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Dynamical systems approach to turbulence. (English) Zbl 0933.76002
Cambridge Nonlinear Science Series. 8. Cambridge: Cambridge Univ. Press. xx, 350 p. (1998).
Contrary to the more traditional phenomenological or statistical approach to turbulence in fluids, the present monograph treats turbulence as a manifestation of deterministic chaos. Correspondingly, the word ‘turbulence’ is used in a much broader sense for chaotic systems which are spatially incoherent, including chemical reactions and flame fronts. The authors show that the concepts and techniques developed for chaotic dynamical systems play a key role in the understanding of turbulent states in spatially extended systems. Mainly paradigmatic dynamical models are considered which are much simpler than the Navier-Stokes equations, but nevertheless have turbulent states. This allows bridging the gap between the traditional statistical description and the dynamical behavior in phase space.
The book begins with a definition of the standard tools of analysis of deterministic chaos, such as Lyapunov spectrum, fractal dimensions, dynamical intermittency, multifractality, etc. After reviewing the phenomenological properties of fully developed hydrodynamical turbulence along the ideas of Kolmogorov, simplified shell models are introduced which capture the basic properties of the Navier-Stokes equations with a reasonable number of equations. The even simpler coupled map lattices, large systems of coupled nonlinear maps which are discrete in space anbd time, prove to be helpful in understanding the features of chaotic systems as the size of the systems becomes large, such as coherence versus disorder or the spreading of turbulent spots.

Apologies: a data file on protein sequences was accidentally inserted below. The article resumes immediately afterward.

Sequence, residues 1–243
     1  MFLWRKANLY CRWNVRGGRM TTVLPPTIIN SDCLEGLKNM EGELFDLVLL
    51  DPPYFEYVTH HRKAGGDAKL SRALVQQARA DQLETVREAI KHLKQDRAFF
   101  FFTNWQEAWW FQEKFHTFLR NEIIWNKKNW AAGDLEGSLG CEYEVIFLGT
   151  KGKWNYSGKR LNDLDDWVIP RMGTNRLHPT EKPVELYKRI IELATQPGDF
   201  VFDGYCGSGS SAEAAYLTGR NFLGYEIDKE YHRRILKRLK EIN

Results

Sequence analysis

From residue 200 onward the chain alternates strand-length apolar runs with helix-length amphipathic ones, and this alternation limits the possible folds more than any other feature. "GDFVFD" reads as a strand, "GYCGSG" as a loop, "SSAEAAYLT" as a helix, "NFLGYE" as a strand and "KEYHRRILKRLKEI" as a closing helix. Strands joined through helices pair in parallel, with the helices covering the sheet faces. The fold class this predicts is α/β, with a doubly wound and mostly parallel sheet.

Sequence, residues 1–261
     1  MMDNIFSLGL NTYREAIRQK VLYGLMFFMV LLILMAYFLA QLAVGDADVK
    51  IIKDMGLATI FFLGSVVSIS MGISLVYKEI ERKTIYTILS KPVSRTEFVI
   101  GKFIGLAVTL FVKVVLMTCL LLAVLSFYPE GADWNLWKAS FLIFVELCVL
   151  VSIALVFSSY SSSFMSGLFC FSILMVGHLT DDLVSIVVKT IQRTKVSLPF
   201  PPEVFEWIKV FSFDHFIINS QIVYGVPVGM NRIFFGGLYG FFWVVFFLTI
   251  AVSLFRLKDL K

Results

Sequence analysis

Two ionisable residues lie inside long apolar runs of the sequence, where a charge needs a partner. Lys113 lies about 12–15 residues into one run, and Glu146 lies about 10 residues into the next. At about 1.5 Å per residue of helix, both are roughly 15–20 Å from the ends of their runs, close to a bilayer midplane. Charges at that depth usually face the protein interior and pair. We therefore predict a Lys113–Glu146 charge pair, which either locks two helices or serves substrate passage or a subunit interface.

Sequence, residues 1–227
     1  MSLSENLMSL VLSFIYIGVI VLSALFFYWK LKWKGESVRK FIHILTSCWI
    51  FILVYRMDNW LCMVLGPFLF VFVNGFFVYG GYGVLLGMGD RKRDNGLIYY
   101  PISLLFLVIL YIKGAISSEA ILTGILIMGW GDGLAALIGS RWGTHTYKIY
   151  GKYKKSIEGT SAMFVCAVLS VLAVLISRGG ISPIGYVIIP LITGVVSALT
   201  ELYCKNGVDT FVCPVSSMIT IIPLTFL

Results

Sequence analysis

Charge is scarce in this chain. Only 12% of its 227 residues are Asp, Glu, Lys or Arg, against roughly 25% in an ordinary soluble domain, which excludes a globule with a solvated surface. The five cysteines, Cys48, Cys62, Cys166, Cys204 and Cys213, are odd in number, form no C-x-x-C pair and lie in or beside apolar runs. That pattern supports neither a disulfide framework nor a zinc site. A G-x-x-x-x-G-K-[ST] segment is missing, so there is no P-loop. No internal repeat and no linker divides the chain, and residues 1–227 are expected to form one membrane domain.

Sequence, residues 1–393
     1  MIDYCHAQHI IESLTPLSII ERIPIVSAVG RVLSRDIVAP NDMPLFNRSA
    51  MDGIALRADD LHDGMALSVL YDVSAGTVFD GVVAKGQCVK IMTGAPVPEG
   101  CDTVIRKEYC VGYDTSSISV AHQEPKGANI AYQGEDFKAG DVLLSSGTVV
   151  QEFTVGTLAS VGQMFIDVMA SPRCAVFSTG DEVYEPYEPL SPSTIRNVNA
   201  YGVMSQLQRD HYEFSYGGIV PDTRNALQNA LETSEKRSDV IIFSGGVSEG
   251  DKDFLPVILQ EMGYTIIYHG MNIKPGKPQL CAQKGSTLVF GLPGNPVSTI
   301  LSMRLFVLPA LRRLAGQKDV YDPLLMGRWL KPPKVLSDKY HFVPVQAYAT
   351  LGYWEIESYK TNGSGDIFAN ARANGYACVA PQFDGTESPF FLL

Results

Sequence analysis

A separate section is devoted to turbulence in amplitude equations, such as the complex Ginzburg-Landau and the Kuramoto-Sivashinsky equation. The interplay between periodic states, spirals, turbulent states and so-called vortex-glass states (disordered states with many spirals) is demonstrated. It is shown that the simple-minded approach to predictability in chaotic systems via the Lyapunov exponent fails in realistic situations, where many characteristic times are involved. The similarities between turbulence and the static and dynamical properties of rough surfaces are discussed and applied to the motion of noise-driven fronts or interfaces. In the final part, a review of Lagrangian chaos and its relation to mixing and transport diffusion phenomena in fluids is given, and the problem of chaotic diffusion is addressed.
This book should be of considerable interest to physicists and more mathematically inclined readers, which are assumed to have a certain background in dynamical system theory.

MSC:
76-02 Research exposition (monographs, survey articles) pertaining to fluid mechanics
76F20 Dynamical systems approach to turbulence
37N10 Dynamical systems in fluid mechanics, oceanography and meteorology
82D30 Statistical mechanics of random media, disordered materials (including liquid crystals and spin glasses)
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